Translator Disclaimer
1 June 2005 Patterns of bird species abundance in relation to granular insecticide use in the Canadian prairies
Author Affiliations +
Abstract

We examined the possibility that granular insecticides, used intensively in the Canadian prairies to control flea beetles (Phyllotreta sp.) in canola (Brassica napus and B. napa), could contribute to bird population declines. A retrospective analysis (1971–96) was done to investigate relationships between counts of 29 bird species made on Breeding Bird Survey (BBS) routes with a spatially explicit granular use index (derived from surveys made in 1980–85) and an index of land use change (derived from Principal Components Analysis of agricultural statistics) for 30 Census Agricultural Regions (CARs). Controlling for spatial location and the land use change index, abundance of American robin (Turdus migratorius), horned lark (Eremophila alpestris), house sparrow (Passer domesticus), mourning dove (Zenaida macroura), and western meadowlark (Sturnella neglecta) was negatively correlated with insecticide use; only two species showed evidence of a positive correlation. At a shorter time scale, for which we had direct estimates of pesticide use (1980–85), we also found evidence that the black-billed magpie (Pica pica), European starling (Sturnus vulgaris), and killdeer (Charadrius vociferus) were less abundant in areas where granular insecticide use was high. Population trends (% annual change between 1971–96) were negatively correlated with the granular index for horned lark, house sparrow, and western meadowlark. Although correlational only, our results suggest that granular insecticides may be an important factor influencing population changes in some bird species in prairie farmland.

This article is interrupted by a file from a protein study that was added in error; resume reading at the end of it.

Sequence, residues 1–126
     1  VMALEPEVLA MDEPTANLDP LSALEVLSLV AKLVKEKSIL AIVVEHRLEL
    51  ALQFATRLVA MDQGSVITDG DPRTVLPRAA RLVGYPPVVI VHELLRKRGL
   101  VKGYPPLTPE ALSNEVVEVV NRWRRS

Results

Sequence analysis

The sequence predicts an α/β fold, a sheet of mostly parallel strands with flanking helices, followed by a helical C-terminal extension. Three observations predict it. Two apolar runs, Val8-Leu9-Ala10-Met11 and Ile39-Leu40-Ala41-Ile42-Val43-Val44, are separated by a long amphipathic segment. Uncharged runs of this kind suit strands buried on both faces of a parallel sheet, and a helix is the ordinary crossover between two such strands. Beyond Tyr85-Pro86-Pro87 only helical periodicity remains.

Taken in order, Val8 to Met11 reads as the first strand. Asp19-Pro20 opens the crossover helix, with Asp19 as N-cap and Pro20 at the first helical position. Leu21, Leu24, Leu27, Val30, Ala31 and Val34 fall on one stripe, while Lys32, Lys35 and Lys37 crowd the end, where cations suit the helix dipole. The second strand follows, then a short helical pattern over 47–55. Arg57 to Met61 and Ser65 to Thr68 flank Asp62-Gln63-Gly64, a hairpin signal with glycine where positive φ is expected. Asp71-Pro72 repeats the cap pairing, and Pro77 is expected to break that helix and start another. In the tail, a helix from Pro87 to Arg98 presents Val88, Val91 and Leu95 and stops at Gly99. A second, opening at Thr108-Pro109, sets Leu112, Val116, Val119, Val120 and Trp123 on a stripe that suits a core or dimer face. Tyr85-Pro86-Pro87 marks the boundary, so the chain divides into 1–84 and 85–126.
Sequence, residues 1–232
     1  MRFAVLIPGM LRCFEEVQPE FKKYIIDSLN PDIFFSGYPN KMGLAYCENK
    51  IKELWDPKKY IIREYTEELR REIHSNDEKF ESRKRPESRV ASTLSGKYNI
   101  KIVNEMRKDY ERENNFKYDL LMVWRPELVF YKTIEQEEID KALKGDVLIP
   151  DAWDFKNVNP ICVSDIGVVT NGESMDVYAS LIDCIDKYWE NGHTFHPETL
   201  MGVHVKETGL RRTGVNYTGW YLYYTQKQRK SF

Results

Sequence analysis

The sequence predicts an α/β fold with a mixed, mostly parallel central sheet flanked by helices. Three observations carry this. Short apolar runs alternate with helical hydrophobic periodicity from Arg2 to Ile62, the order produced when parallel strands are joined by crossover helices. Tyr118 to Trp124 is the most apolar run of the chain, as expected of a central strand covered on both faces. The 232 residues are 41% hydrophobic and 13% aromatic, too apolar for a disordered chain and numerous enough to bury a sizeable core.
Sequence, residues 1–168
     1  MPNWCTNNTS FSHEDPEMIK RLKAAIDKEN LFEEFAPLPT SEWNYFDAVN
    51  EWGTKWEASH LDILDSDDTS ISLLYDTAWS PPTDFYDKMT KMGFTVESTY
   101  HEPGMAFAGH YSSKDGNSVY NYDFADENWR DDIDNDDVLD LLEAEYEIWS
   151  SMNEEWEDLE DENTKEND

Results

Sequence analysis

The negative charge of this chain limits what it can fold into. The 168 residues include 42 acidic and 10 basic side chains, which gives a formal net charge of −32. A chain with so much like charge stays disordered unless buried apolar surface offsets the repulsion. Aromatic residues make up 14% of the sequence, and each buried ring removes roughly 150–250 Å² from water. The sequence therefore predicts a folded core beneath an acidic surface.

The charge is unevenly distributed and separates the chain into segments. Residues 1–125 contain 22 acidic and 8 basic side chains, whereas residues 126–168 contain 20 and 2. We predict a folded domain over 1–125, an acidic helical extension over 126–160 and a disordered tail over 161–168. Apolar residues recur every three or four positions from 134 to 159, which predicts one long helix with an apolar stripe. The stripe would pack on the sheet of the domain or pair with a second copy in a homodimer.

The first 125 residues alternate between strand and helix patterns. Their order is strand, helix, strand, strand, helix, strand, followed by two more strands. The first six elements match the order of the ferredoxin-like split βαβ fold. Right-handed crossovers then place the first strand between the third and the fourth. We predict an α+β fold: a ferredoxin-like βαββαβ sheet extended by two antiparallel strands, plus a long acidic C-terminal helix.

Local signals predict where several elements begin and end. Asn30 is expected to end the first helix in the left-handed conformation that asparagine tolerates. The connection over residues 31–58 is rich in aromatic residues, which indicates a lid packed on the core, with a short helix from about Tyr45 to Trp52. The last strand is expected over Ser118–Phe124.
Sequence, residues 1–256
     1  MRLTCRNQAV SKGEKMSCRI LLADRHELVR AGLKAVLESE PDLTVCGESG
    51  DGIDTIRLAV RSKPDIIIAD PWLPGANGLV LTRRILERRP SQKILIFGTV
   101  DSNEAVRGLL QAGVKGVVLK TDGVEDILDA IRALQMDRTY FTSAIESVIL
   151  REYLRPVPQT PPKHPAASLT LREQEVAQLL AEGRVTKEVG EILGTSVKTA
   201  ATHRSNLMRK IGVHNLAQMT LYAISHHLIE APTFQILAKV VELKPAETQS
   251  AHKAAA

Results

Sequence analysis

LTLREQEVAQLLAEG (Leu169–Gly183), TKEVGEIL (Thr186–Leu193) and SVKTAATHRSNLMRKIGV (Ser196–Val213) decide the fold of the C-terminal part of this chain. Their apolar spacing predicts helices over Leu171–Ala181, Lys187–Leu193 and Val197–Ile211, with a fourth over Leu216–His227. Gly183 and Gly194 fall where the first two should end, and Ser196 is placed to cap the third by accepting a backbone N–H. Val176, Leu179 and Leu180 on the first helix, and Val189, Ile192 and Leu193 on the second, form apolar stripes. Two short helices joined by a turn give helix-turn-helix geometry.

Pierre Mineau, Connie M. Downes, David Anthony Kirk, Erin Bayne, and Myriam Csizy "Patterns of bird species abundance in relation to granular insecticide use in the Canadian prairies," Ecoscience 12(2), 267-278, (1 June 2005). https://doi.org/10.2980/i1195-6860-12-2-267.1
Received: 11 August 2004; Accepted: 1 January 2005; Published: 1 June 2005
JOURNAL ARTICLE
12 PAGES


SHARE
ARTICLE IMPACT
RIGHTS & PERMISSIONS
Get copyright permission
Back to Top